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[Editorial] Beef up defense

South must stop clinging blindly to dialogue as North seeks formidable weapons

North Korean leader Kim Jong-un, at the eighth congress of the Workers’ Party, instructed the military to strengthen its nuclear weapons. He said that his country had upgraded its nuclear arsenal since November 2017, when it test-fired the Hwasong-15 intercontinental ballistic missile.

Kim’s remarks show that three years of denuclearization negotiations between the US and North Korea were just for show, and he has no intention of giving up nuclear weapons.

He instructed the military to make its nuclear weapons smaller and lighter. If the North develops tactical nuclear weapons, it will target them at South Korea. To deter the threat effectively, the South needs to be armed with the same weapons.

Kim defined the US as the North’s “foremost principal enemy.” He said that North Korea had completed the design of nuclear-powered submarines. Nuclear-powered subs are a strategic weapon that enables sneak attacks on the American mainland after approaching it because they can navigate underwater over long distances. If the subs are loaded with nuclear missiles, their threats will be hard to fend off.

The North Korean leader also vowed to develop supersonic weapons, which existing missile defense systems cannot intercept. If the North develops such weapons, important facilities in South Korea will be defenseless. Considering the North has improved ICBMs little by little, the South must not dismiss it as a bluff.Kim threatened that the inter-Korean relations may go back to the days before his first summit with Moon, depending on the attitude of the South Korean government, and demanded the South stop purchasing advanced weapons and suspend joint military exercises with the US.

President Moon Jae-in in his New Year’s address Monday said that “our will to meet with North Korea anytime, anywhere, even in a non-face-to-face way, remains unchanged.” He made no mention of the North’s military threats.

Lee Nak-yon, leader of the ruling Democratic Party of Korea, said that Kim seems to have given weight to dialogue in his speech at the Workers’ Party congress. Youn Kun-young, a Democratic Party lawmaker, said that if Kim visits South Korea, inter-Korean relations will take a long stride forward.

Even as the North is escalating its nuclear threats and vowing to develop new formidable weapons, Moon and the ruling party talk only of dialogue.

In March 2018, Chung Eui-yong, then director of Cheong Wa Dae’s National Security Office, visited the White House and convinced Trump that Kim was committed to denuclearizing his country. Moon and Trump held their respective summits with Kim. The US and South Korea downscaled their joint military exercises. But they turned out to have played into Kim’s hands. The Moon administration effectively helped Kim play for time to upgrade the North’s nuclear weapons.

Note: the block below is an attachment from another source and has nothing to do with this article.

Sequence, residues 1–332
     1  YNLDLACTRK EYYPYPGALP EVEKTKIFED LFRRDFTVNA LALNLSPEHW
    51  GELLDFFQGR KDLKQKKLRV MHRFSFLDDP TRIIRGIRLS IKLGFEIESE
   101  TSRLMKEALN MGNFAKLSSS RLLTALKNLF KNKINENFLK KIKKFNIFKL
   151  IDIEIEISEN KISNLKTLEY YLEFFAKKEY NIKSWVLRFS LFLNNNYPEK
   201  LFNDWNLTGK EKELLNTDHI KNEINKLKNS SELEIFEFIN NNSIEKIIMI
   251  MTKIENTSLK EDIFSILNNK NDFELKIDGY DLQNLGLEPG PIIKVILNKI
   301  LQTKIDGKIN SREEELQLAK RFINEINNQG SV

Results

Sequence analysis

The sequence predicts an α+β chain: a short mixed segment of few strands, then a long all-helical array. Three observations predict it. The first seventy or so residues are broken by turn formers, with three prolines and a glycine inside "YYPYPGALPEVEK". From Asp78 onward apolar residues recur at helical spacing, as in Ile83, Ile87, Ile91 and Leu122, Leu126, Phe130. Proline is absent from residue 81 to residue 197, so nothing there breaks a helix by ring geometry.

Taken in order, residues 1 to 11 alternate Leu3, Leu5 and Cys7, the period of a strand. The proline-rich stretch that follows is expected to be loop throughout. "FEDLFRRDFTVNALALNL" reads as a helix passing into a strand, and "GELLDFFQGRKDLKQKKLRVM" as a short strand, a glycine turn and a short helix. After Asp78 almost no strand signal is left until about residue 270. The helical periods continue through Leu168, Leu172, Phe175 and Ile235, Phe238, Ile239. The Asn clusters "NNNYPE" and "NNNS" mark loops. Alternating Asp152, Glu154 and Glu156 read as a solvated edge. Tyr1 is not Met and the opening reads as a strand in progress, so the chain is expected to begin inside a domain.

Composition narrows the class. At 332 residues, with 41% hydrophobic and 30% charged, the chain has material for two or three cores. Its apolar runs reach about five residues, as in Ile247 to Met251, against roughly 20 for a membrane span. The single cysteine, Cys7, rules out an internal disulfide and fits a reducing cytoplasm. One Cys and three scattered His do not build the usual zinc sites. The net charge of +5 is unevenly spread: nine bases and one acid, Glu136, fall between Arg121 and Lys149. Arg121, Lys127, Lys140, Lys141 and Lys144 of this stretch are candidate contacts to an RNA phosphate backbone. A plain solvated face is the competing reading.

For all the fierce criticism at home and abroad, the governing party passed legislation that criminalized the flying of propaganda leaflets via balloons toward North Korea. It made the law after Kim’s sister Kim Yo-jong said the Moon administration should “do anything about the balloons such as making a law.”

When the administration had yet to secure coronavirus vaccines, the unification minister said the South should share them with North Korea even if the country runs short of its own supplies. When North Korean soldiers shot a drifting South Korean government employee and burned him while he floated at sea, the Moon administration raised the unconvincing possibility of defection.

The South’s submissive attitude to curry favor with Kim only instigates him to act more boldly. The South cannot protect its security that way.

The North beefed up its military continuously despite economic distress, while the South thought only of dialogue and aid to the North. Along the way, it sacrificed military exercises with the US, suppressed freedom of expression through the flying of leaflets and even took a step to effectively neutralize anti-communist investigations.

A normal government would work out measures to counter the North’s new weapons. The South must take steps to beef up defense, including strengthening its alliance with the US, extending the range of its missiles and developing nuclear-powered submarines.

Dialogue is a sandcastle if military power does not prop it up.
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